PMO Development (The Project Office)
Organizations today increasingly recognize that, with respect to project management, they must go beyond the ability to create occasional success stories through the exertion of heroic effort. They know that a core element of their overall success is driven by the ability to consistently bring their entire portfolio of projects to successful completion: on-time, within budget, and per-specification. In addition, they know that if they can cost-effectively accelerate the delivery of their new products and services (without sacrificing quality in the process) they can create a strategic advantage over their competitors.
The role of the Project Office (PMO) is to enable companies to be consistently successful with respect to project management and to create a foundation for achieving a competitive advantage. This is accomplished by filling two essential roles within the organization as: 1) A project management center of excellence, and 2) A provider of enterprise-level project management services. Both of these roles are discussed below.
Project Management Center of Excellence
With constantly changing personnel, organizations have an ongoing need to provide mentoring in the proper application of their project management methodologies to project team members. In addition, the tools that we utilize to assist us with project planning and control (such as Microsoft Project) are continuously being upgraded and enhanced and, as a result, team members must be regularly coached on their proper use. It is the role of the Project Office to provide this ongoing coaching and mentoring. However, in order for the Project Office staff to function successfully in this capacity they must themselves be experts in the methodologies and the use of the tools and they must have the project management training (and demeanor) to be successful coaches and mentors.
Enterprise-Level Project Management Services
There are certain project management functions that can only occur at the enterprise level. Organizations require answers to key management questions such as: Are we adequately staffed to meet our current project workload? Are we on-track for meeting our current customer commitments? What will be the impact to our existing projects if we take on a new endeavor? The answer to these questions cannot be provided by any individual project plan. Instead, resource, cost, and schedule information must be “rolled-up” across an organization’s entire portfolio of projects in order to produce the type of data necessary to address these issues. Unfortunately, because of the amount of effort and the specialized skills required, many companies have come to realize that they will not receive this type of information (on a regular basis, anyway) simply by asking for it. Rather, the work to collect and analyze this information must be made a formal function within the organization and assigned to individuals that are appropriately qualified to perform the work. Ideally, this function is performed by the Project Office.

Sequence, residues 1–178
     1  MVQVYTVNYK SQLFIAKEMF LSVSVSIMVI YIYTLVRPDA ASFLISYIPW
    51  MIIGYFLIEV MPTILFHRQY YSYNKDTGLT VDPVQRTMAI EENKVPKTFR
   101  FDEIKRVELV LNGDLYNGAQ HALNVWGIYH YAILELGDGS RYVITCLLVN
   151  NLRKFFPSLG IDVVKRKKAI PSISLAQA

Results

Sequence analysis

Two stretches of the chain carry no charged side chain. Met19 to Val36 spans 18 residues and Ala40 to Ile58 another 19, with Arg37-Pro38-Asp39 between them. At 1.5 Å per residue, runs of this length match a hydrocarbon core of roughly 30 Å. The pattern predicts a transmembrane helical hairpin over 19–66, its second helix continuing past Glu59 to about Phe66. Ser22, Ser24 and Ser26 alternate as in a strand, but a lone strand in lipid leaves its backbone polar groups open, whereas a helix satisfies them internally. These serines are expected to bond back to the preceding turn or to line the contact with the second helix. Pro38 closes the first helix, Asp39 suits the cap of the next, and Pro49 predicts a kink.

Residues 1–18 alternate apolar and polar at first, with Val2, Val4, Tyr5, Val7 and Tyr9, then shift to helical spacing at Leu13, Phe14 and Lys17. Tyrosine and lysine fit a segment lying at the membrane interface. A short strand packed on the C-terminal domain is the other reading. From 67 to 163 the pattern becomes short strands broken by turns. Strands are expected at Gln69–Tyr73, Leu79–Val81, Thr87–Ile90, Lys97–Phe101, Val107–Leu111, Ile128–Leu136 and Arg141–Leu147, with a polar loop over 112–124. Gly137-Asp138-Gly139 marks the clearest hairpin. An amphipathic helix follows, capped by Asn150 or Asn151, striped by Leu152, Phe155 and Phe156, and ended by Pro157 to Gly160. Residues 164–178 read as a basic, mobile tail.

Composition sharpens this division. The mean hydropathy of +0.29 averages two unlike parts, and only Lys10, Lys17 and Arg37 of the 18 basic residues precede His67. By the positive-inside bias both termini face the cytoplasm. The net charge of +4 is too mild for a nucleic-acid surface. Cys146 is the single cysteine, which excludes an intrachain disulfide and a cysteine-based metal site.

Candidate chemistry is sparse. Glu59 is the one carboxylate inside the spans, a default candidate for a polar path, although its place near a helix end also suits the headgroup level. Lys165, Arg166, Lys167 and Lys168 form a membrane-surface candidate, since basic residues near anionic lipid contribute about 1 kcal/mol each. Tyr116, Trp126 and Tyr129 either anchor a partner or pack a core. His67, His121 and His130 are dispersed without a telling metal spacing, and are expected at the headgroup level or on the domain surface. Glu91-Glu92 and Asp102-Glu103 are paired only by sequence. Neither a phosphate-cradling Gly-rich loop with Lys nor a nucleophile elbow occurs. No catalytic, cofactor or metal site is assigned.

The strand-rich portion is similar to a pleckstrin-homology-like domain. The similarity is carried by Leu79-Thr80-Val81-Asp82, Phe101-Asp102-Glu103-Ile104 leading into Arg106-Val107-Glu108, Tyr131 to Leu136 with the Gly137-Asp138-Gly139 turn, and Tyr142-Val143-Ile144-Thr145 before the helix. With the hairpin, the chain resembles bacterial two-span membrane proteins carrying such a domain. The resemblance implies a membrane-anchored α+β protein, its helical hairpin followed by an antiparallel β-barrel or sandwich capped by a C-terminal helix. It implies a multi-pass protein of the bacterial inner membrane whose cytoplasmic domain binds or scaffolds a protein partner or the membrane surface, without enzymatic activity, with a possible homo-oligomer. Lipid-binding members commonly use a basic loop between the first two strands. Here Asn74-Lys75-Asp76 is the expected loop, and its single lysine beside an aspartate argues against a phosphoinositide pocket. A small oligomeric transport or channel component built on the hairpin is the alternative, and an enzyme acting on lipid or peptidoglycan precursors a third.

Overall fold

In many organizations the use of formalized project planning and control techniques is a result of internal sponsorship. That is, someone at a managerial-level within the organization recognized the benefits of project management and was willing to commit company resources to implement it. Unfortunately, when sponsors transfer (or get promoted to another organization) there is a tremendous tendency to backslide; especially with new sponsors that might not have the same level of commitment. A Project Office can help establish project management as a core competency and an essential function within an organization and impart enough momentum to survive the loss of a major sponsor.
Most companies have some form of Project Office organization already in place. However, a significant percentage of these still have not achieved the consistent level of project success that they envisioned when their Project Office investment was originally justified. According to the Standish Group Chaos Report, 90% of projects ultimately do not achieve their quality, cost, and/or time objectives. Perhaps the reason for this continued lack of success lies in how these existing Project Offices are utilized. We have observed a number of companies where, unfortunately, the function of the Project Office has devolved into performing relatively low-level administrative activities like project cost tracking, project documentation, and schedule score-keeping. Also in some cases, Project Offices become repositories for marginally-skilled resources that are not able to be used anywhere else in the organization.
Provided by PMAlliance a project management consulting company.